fishtrap2 fishtrap1


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Oct 30 2013

Summer Footwear part 1

Summer footwear has been a thorn in my side for quite some time. The climate I live in is quite wet (lots of bogs and streams) and I’ve been experimenting with various ways of keeping my feet warm enough and protected even through this.

First a bit about the approaches of dealing with wetness in terms of footwear:

  • Avoidance. This is what most modern people do. When it’s raining they stay in a shelter most of the time. Also completely practical in a drier climate when you’re living off the land, but here you’d practically never be able to get out and do the necessary hunting and fishing.
  • Waterproof shoes. Definitely the most desirable option, but requires a lot of skill and time to make. In the rocky terrain here and since I walk a lot, I can’t see it paying off most of the time.
  • No shoes. Works if it’s not very cold, very rocky or damp for very long times. However skin softens with dampness and you’re far more likely to cut yourself if walk around barefoot for extended times, especially carrying heavy loads.
  • Wet shoes. Instead of avoiding wetness you embrace it. It has become my choice for summer footwear.

Since I’ve landed on using wet shoes, I’d like to expand more on that option. The shoes are known in recent times from at least Iceland, Scotland and Ireland, but Norway’s oldest shoe is of the same style and the oldest leather shoe in the world (from the Caucasians) is also made similarily. In Ireland they are commonly called pampooties and they are made out of rawhide. The stitching is crude and is usually also done with rawhide. It’s better to have a bit loose stitches, so that the shoe doesn’t become like a bucket when it gets wet.

The advantages of this approach are:

  • Very quick to make. Requires no tanning and only very limited tailoring and sewing skills.
  • Wears out a lot more slowly than buckskin in wet conditions, especially on rocks.
  • Silent. Well fitted, these shoes are as silent as any buckskin moccasins. You have a very good feel of the ground.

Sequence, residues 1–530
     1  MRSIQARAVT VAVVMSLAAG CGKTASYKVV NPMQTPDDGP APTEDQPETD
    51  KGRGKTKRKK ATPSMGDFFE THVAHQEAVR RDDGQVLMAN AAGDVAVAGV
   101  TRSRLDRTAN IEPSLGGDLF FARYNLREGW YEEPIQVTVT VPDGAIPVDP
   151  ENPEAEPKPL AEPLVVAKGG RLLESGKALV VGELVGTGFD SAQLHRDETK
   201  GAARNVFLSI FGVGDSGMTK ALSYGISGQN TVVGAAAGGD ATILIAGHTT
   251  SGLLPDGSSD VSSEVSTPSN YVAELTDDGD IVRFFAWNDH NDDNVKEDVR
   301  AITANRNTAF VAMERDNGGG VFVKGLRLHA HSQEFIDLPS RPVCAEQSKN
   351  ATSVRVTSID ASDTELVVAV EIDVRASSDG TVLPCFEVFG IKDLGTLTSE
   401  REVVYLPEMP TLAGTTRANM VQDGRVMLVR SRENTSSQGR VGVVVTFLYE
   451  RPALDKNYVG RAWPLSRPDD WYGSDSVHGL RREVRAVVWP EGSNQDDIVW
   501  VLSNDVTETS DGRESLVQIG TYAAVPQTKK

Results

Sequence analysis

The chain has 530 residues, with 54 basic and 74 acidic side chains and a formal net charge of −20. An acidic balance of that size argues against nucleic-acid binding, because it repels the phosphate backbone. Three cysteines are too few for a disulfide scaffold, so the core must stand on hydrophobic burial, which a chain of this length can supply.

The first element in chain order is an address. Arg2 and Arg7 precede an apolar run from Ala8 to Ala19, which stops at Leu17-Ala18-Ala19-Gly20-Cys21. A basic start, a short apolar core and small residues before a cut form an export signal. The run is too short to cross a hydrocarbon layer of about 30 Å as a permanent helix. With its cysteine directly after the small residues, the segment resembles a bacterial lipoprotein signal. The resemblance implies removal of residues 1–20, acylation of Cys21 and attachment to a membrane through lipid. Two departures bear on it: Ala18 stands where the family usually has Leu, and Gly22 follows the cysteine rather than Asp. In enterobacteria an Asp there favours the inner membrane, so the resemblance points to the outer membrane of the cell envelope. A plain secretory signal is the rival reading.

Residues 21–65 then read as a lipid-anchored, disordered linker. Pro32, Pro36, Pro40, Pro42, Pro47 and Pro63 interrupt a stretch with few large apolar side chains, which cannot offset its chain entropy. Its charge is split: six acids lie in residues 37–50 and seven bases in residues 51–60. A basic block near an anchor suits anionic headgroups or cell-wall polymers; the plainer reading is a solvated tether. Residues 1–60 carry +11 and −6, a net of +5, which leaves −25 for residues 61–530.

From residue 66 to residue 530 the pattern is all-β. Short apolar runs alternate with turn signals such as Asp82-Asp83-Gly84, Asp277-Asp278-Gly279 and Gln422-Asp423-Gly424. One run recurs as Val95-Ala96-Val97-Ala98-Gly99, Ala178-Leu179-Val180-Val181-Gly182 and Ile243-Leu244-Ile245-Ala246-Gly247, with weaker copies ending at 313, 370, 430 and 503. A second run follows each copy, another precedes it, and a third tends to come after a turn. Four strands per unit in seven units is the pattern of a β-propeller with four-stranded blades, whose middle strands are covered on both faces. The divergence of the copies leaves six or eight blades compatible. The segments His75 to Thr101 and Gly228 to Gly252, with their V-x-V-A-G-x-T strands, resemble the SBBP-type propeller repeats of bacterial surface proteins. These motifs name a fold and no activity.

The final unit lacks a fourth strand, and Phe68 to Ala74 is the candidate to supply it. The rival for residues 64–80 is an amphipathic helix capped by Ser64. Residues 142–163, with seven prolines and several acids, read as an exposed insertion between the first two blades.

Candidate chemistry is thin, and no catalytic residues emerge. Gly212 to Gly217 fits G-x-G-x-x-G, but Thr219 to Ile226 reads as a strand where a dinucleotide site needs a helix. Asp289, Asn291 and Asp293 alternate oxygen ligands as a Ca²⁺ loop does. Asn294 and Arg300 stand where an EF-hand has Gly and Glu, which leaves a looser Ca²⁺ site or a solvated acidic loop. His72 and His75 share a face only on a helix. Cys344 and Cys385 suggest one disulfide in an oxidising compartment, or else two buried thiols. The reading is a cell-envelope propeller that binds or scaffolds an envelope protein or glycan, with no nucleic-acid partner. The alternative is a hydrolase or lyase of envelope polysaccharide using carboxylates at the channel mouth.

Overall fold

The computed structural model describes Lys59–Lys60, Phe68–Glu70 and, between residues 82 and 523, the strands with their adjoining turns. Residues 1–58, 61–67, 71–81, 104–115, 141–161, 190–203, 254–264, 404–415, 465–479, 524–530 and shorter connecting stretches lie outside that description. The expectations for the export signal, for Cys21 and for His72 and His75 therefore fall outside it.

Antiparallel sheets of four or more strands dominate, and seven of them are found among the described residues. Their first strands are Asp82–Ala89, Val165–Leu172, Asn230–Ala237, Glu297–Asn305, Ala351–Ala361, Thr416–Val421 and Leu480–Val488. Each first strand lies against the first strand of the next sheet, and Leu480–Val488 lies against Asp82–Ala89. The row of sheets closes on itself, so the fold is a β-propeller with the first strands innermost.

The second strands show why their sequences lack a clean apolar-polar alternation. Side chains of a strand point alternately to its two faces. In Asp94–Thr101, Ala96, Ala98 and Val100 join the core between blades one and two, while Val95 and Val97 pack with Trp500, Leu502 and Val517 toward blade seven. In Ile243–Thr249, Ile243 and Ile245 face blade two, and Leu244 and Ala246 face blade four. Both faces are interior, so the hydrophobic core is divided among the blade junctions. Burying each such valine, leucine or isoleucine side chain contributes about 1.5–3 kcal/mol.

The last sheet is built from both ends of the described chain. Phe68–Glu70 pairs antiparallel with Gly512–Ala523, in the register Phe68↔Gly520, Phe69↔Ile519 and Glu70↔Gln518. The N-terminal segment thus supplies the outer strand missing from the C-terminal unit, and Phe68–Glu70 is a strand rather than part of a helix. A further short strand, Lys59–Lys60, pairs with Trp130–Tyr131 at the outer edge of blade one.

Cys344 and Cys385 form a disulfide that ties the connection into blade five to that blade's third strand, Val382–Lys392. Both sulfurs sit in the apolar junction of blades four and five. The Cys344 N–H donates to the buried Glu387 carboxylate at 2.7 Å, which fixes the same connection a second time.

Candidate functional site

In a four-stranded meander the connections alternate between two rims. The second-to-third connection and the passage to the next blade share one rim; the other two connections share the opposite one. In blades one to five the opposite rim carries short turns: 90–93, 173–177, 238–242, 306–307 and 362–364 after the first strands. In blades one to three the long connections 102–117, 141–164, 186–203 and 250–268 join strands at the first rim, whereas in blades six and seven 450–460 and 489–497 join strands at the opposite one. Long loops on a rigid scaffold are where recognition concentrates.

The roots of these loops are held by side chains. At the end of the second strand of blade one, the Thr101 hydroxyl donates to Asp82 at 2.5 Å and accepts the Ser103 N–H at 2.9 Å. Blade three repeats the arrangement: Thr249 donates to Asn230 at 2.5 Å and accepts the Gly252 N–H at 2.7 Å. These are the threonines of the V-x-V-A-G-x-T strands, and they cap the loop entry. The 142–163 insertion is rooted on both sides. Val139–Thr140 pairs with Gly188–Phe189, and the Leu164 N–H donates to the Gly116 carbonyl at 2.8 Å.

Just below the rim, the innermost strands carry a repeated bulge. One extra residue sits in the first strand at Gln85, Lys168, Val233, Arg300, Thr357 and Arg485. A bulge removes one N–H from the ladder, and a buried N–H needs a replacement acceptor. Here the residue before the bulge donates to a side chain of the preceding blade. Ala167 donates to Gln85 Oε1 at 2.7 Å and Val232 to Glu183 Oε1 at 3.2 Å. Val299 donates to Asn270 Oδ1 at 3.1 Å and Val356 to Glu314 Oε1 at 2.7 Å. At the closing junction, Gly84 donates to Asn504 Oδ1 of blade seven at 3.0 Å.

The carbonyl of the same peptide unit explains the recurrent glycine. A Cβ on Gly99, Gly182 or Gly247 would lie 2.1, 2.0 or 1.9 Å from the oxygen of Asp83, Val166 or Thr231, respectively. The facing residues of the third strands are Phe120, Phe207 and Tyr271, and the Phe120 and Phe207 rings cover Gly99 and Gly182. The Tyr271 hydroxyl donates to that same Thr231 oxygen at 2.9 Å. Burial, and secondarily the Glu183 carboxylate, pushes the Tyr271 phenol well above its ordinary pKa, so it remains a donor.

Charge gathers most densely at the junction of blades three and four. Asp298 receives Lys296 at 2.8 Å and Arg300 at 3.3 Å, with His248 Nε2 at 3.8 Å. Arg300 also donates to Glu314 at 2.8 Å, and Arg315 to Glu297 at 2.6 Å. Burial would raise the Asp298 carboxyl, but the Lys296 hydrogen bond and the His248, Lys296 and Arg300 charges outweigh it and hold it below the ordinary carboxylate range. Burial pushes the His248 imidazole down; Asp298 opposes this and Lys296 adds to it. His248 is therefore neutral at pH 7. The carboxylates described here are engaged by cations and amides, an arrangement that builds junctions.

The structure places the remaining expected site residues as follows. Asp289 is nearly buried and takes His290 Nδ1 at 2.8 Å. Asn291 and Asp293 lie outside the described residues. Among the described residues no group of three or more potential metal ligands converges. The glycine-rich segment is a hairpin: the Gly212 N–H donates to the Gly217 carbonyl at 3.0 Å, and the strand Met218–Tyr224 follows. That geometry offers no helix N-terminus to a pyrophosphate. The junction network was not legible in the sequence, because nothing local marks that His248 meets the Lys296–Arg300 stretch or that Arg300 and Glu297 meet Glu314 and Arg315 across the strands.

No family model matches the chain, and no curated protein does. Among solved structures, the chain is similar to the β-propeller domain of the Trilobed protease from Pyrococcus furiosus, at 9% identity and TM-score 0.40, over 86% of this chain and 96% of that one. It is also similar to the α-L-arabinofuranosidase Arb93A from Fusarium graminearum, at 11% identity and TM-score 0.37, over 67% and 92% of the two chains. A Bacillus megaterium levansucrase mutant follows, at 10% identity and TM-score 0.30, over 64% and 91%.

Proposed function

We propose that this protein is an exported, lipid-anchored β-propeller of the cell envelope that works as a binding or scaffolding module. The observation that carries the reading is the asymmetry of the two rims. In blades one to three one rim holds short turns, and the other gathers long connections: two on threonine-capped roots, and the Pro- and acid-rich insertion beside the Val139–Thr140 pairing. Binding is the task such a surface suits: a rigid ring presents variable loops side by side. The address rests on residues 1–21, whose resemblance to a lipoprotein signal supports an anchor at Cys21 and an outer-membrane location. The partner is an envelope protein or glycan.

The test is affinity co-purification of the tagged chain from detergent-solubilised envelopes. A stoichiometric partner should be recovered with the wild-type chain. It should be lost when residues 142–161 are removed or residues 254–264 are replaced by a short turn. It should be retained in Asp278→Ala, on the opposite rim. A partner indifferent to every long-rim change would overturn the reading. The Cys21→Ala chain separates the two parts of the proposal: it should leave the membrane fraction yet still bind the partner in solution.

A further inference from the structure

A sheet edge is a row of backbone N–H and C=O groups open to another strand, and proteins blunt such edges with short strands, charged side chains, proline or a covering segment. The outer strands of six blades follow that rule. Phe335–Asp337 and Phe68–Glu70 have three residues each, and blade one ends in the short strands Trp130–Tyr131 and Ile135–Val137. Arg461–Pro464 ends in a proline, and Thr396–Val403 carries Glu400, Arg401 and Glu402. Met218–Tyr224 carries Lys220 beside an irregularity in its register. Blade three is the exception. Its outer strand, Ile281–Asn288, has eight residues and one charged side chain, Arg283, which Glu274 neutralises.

• They require little to no maintainance.

The disadvantages:

  • They are cold. During colder weather (like wet snow) your feet will quickly become numb. After some time getting used to it, your feet will become less cold. If you wear thick woolen socks inside that will help a lot as well, but the shoes must be specifically fitted for that. In phases of autumn or spring when the temperatures vary a lot from day to day (from +10C to -10C) you have to sleep with the shoes under your matrass or you will not get into them in the morning. Always carry dry weather winter shoes during this time in case the weather stabilizes cold. When the ground is frozen solid, you will not get wet anyway.
  • Slippery. The shoes are at least as slippery as buckskin moccasins, especially after the hairs are worn off underneath. The good grip you get on the ground with your toes, somewhat helps to alleviate this.
  • They can dry out. An advantage if you’re going to preserve them through a phase not using them (otherwise they’ll rot), but during very hot and dry summer days they can dry out during use and thus shrink and stiffen to the unbearable. Luckily, a quick dip in a lake or a stream will take care of it almost immidiately.

The next article will be on how to make them according to the way I currently do. I’ve experimented quite a bit to find a way that is the most durable and functional.

Two pictures of my former pair. They were already very worn at this stage and were starting to tear at the front.

pampooties1 pampooties2